The financial accounting term operating lease is used to describe one of several lease arrangements that a company can hold. Operating leases are used to acquire assets on a relatively short-term basis. The cost of an operating lease appears as an expense on the income statement.
The Financial Accounting Standards Board rules allow companies two methods to account for leases: capital and operating. If a lease does not qualify as a capital lease, then it should be classified as an operating lease.
The following tests are used to determine if a lease is to be treated as a capital lease:
- The term of the lease exceeds 75% of the life of the asset
- There is a transfer of ownership to the lessee at the end of the lease's term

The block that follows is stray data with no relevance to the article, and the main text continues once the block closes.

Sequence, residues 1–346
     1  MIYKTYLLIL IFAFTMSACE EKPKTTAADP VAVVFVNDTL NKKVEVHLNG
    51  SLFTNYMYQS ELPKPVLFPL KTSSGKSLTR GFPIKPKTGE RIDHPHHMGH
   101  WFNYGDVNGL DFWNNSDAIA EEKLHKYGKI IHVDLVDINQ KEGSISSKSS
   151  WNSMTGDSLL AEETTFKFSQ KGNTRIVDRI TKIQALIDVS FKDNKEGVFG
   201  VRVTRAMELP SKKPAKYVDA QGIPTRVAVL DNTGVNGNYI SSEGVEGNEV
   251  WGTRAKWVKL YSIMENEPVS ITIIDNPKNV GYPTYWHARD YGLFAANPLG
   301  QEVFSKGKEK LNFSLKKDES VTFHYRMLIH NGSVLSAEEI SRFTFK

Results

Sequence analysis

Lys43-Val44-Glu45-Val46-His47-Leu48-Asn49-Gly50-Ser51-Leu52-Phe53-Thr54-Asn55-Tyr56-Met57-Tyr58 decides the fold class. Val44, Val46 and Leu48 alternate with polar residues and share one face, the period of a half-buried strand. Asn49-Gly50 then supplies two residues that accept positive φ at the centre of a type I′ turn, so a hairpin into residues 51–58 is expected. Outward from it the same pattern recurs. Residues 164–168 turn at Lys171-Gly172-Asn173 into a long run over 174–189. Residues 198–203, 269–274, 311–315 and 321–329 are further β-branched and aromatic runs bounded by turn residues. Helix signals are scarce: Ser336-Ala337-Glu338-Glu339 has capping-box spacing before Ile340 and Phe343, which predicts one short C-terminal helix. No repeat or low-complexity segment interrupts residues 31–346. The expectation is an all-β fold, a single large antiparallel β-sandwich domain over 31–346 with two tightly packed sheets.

- The agreement includes an option to purchase at a "bargain price," which is below fair market value
- The discounted present value of the lease payments exceed 90% of the asset's fair market value
If none of the above criteria apply, the lease should be treated as an operating lease.
When compared to a capital purchase, or finance lease, an operating lease provides companies with two significant advantages:
- Balance Sheet Impairment: operating leases are treated as an expense. As such, they appear on the income statement and have no effect on the company's balance sheet.
- Cash Flow: operating leases avoid the large upfront payment that occurs with a capital purchase.